The package 502 also includes a semiconductor device 516, which is a semiconductor chip that is disposed adjacent to the upper surface 506 of the substrate unit 504. In the illustrated embodiment, the semiconductor device 516 is wire-bonded to the substrate unit 504 via a set of wires 518, although it is contemplated that the semiconductor device 516 can be electrically connected to the substrate unit 504 in another fashion, such as by flip chip-bonding. While the single semiconductor device 516 is illustrated within the package 502, it is contemplated that additional semiconductor devices can be included for other implementations.

Disposed adjacent to the upper surface 506 of the substrate unit 504 is a package body 520, which substantially covers or encapsulates the semiconductor device 516 and the wires 518 to provide structural rigidity as well as protection against environmental conditions. The package body 520 includes an upper surface 522 and lateral surfaces, including lateral surfaces 524 and 526, which are disposed adjacent to sides of the package body 520. In the illustrated embodiment, the lateral surfaces 524 and 526 are substantially aligned or co-planar with the lateral surfaces 510 and 512 of the substrate unit 504, respectively, such that, in conjunction with the lateral surfaces 510 and 512, the lateral surfaces 524 and 526 define sides of the package 502. Referring to FIG. 5, a lateral extent of the package 502 substantially corresponds to that of the package 200, although it is contemplated that the package 502 can be implemented with a greater or a smaller lateral extent relative to the package 200.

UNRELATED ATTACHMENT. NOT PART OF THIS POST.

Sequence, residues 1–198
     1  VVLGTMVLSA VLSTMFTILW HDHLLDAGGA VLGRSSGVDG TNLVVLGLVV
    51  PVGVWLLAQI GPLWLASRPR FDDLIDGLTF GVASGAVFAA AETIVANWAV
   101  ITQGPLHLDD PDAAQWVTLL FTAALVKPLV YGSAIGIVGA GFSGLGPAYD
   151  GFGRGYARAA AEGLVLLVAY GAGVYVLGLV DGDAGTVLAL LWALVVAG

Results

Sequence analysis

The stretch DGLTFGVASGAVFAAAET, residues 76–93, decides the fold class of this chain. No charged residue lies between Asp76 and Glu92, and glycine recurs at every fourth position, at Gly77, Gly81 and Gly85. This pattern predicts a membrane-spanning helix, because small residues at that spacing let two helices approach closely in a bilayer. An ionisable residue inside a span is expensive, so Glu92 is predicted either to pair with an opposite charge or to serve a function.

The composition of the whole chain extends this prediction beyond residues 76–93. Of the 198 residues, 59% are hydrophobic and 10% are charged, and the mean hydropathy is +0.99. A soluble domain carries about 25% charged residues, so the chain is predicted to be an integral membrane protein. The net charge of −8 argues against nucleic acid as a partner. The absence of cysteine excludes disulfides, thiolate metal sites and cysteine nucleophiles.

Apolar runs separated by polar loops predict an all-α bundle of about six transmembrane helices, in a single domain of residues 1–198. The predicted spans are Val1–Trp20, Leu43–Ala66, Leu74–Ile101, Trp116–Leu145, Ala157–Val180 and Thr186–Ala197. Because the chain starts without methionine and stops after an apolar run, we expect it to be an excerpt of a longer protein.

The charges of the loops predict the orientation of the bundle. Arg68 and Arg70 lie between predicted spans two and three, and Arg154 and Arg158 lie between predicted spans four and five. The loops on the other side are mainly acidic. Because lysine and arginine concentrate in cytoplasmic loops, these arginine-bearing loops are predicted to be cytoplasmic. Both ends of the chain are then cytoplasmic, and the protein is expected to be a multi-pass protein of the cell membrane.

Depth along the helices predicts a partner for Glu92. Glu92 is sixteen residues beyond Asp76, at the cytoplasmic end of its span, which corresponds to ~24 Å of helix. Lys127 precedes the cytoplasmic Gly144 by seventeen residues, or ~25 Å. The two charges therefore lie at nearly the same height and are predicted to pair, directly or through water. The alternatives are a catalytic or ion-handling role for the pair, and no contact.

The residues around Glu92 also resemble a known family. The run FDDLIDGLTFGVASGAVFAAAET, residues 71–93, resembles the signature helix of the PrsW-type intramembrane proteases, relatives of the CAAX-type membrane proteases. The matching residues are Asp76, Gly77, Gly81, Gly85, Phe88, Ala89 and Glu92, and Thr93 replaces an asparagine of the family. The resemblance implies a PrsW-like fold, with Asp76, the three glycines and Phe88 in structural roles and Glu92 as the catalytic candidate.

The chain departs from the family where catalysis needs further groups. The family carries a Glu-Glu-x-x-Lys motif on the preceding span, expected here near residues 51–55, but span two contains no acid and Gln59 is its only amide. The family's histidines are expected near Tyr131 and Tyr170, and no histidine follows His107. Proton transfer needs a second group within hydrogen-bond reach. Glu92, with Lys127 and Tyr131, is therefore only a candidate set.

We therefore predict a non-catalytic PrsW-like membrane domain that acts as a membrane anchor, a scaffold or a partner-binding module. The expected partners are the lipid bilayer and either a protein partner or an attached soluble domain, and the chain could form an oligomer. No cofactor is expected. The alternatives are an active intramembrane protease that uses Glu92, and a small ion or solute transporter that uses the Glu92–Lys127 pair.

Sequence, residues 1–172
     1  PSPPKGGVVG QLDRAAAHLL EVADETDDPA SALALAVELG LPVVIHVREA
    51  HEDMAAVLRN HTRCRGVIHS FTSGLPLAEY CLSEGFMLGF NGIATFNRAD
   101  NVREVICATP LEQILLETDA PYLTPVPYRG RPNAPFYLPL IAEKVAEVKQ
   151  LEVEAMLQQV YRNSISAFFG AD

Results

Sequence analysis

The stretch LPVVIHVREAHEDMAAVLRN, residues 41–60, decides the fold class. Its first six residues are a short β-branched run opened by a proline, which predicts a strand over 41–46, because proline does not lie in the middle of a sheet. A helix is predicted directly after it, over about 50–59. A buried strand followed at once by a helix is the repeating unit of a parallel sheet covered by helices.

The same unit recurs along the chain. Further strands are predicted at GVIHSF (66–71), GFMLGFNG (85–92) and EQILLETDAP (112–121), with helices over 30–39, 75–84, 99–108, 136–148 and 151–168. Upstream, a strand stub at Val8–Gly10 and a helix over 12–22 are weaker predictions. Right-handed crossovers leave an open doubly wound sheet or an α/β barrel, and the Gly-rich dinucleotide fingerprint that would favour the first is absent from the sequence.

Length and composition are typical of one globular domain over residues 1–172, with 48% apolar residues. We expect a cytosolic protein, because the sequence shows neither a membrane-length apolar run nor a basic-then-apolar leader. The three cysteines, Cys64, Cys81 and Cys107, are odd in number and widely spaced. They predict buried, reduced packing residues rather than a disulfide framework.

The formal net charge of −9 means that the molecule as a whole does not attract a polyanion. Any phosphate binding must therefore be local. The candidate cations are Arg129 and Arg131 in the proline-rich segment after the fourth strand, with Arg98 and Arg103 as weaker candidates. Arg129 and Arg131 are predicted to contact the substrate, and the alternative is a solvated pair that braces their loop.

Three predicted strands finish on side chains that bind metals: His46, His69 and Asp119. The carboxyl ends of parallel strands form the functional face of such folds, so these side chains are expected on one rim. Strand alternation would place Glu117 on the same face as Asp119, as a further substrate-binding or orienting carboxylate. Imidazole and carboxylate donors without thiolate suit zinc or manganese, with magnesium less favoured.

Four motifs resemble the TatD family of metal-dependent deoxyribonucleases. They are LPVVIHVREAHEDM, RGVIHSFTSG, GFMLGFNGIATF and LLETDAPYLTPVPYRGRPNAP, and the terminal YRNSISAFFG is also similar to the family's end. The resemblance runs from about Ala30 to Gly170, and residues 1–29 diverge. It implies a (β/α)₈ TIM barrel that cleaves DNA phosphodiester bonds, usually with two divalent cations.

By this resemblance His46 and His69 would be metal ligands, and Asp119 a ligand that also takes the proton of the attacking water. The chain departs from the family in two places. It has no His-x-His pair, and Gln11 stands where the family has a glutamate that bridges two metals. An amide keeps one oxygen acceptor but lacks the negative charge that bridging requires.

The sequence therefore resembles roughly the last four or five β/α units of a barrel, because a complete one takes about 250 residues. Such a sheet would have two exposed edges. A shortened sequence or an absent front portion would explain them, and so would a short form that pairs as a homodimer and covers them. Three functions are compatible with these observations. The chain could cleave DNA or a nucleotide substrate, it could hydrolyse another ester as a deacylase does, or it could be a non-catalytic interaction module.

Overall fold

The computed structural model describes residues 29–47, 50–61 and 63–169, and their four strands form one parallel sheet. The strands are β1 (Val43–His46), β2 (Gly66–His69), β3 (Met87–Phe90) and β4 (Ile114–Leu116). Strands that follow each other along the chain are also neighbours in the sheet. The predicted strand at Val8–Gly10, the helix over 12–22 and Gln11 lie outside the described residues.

Referring to FIG. 5, the package 502 also includes connecting elements 528 a, 528 b, 528 c, and 528 d, which are disposed adjacent to the lower surface 508 of the substrate unit 504. The connecting elements 528 a, 528 b, 528 c, and 528 d provide input and output electrical connections for the package 502, and are electrically connected to and extend downwardly from respective ones of the contact pads 514 a, 514 b, 514 c, and 514 d. In the illustrated embodiment, the connecting elements 528 a, 528 b, 528 c, and 528 d are implemented as conductive balls and, more particularly, as conductive balls that are reflowed to form conductive bumps. Like the connecting elements 218 a, 218 b, 218 c, and 218 d, the connecting elements 528 a, 528 b, 528 c, and 528 d are distributed in the form of rows, with each row extending along four sides of a substantially rectangular pattern or a substantially square-shaped pattern.

During stacking operations, the connecting elements 528 a, 528 b, 528 c, and 528 d of the package 502 are reflowed and undergo metallurgical bonding with the connecting elements 218 a, 218 b, 218 c, and 218 d of the package 200. In particular, the connecting elements 528 a, 528 b, 528 c, and 528 d fuse or merge with respective ones of the connecting elements 218 a, 218 b, 218 c, and 218 d to form stacking elements 530 a, 530 b, 530 c, and 530 d, which provide electrical pathways between the packages 200 and 502. As illustrated in FIG. 5, each stacking element, such as the stacking element 530 a, extends and spans a distance between the packages 200 and 502, such as corresponding to a vertical distance between the contact pad 246 a of the package 200 and the contact pad 514 a of the package 502. In conjunction, the stacking elements 530 a, 530 b, 530 c, and 530 d retain the packages 200 and 502 so as to be spaced apart from one another by a gap G, which corresponds to a vertical distance between the lower surface 508 of the package 502 and the central upper surface 224 of the package 200. For certain implementations, the gap G can be in the range of about 10 μm to about 110 μm, such as from about 10 μm to about 100 μm, from about 20 μm to about 80 μm, or from about 30 μm to about 70 μm. Suitable selection and control over sizes of the connecting elements 528 a, 528 b, 528 c, and 528 d and sizes of the connecting elements 218 a, 218 b, 218 c, and 218 d allow the gap G to be varied, and, in some implementations, the gap G can be reduced such that the lower surface 508 of the package 502 is in contact with the central upper surface 224 of the package 200.